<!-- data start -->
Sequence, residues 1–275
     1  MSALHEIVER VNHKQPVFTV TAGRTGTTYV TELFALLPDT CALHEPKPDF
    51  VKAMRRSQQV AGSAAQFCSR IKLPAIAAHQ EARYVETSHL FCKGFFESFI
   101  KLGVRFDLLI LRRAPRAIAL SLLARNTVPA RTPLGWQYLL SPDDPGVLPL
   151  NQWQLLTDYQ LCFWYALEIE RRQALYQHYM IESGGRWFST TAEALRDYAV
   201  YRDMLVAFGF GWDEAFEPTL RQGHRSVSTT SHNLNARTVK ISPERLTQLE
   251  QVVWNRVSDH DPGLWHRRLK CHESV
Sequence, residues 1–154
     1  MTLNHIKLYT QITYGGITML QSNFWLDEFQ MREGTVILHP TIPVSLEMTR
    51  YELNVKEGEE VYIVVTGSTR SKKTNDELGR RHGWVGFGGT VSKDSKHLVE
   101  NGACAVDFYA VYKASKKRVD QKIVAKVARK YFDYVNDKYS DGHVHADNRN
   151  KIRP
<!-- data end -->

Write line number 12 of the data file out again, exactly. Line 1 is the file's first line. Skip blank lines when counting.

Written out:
   151  KIRP